BOGOTA – The United States government announced on Monday it would provide $160 million in funding to Colombia, which will be utilized in the implementation of the peace agreement signed between the Bogota and the now-disarmed guerrilla group FARC.
The announcement was made by Colombian President Ivan Duque and the United States Agency for International Development (USAID) administrator Mark Green, who formalized the amendment to the bilateral agreement through which the US has delivered $754 million to Colombia for socio-economic development programs.
“These resources will go towards important work, advancing peace implementation, promoting reconciliation, supporting livelihoods in rural communities, expanding services in rural regions, improving citizens’ security, and strengthening the protection of human rights,” Green said in a USAID statement.
Duque said that the aid “will allow to close the gaps between regions with great potential but which have not necessarily had the accompaniment of integral commercialization.”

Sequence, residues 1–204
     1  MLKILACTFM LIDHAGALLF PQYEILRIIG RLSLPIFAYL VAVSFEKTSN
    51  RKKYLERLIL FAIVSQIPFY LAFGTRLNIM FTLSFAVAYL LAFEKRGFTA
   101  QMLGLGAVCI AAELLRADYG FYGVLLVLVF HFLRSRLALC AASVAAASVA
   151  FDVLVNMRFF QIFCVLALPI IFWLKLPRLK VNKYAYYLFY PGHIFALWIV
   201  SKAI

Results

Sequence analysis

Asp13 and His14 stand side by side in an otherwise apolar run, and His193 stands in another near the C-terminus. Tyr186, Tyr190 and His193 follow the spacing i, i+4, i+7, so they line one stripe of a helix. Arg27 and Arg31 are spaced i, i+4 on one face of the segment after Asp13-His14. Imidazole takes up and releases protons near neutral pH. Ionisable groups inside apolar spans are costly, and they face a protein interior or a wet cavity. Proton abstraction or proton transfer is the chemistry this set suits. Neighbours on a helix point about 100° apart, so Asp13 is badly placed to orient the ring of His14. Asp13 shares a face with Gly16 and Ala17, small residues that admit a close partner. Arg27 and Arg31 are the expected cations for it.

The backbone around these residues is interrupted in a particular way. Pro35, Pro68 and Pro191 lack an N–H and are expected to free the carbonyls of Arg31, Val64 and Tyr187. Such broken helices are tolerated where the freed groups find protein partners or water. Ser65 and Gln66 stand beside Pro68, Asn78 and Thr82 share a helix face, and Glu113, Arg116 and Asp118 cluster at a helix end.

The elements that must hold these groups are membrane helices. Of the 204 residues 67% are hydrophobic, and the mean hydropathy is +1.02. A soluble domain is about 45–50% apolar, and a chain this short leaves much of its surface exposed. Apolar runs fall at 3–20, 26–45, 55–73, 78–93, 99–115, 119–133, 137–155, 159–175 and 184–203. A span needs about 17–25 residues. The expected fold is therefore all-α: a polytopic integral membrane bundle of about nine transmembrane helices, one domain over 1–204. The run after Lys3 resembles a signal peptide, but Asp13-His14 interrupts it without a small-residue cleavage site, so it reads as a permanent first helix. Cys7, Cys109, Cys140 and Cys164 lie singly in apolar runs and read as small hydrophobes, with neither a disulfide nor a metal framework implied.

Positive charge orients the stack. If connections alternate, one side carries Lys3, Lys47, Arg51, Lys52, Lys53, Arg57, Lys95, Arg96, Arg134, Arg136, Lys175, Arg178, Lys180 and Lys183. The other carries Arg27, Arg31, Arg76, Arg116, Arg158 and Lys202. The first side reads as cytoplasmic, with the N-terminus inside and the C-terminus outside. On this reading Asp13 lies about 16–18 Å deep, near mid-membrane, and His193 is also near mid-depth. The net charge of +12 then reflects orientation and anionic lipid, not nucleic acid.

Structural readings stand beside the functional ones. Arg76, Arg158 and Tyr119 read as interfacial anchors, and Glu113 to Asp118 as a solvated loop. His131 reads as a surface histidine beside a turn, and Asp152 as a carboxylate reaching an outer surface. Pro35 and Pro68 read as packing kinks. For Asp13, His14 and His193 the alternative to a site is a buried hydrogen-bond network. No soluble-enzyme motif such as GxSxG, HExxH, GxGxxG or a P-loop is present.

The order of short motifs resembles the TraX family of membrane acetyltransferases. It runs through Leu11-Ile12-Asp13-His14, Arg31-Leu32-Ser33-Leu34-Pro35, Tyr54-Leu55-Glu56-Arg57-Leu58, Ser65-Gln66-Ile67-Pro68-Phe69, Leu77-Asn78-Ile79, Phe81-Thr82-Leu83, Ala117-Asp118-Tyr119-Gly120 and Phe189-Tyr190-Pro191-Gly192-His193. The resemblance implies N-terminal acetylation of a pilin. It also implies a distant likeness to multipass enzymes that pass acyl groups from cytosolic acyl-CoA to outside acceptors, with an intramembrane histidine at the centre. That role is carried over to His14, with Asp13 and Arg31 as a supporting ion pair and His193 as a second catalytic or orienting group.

The Colombian government and FARC (Revolutionary Armed Forces of Colombia) signed a peace agreement in 2016 and its implementation is currently being carried out.
Duque said the resources will be focused on areas such as strengthening government presence in these areas, rural economic development, reconciliation, inclusion, victims and biodiversity conservation.
He added that the funds will also be used to “close gaps” in access to safe drinking water and to allow families of small producers, who are “geographically isolated,” to benefit from the commercialization of their products.
Duque said that currently 22 collective projects are underway that benefit ex-combatants, of which 20 have been promoted by their government.
Meanwhile, Duque and the US Ambassador to Colombia Kevin Whitaker signed a joint declaration to finalize the massive land formalization pilot project and land registry that is being developed in the municipality of Ovejas in the department of Sucre.
The Ovejas pilot project has promoted the consolidation of property rights of about 2,900 peasants, more than half of which are women.
In Oveja, six out of 10 properties lack title deeds.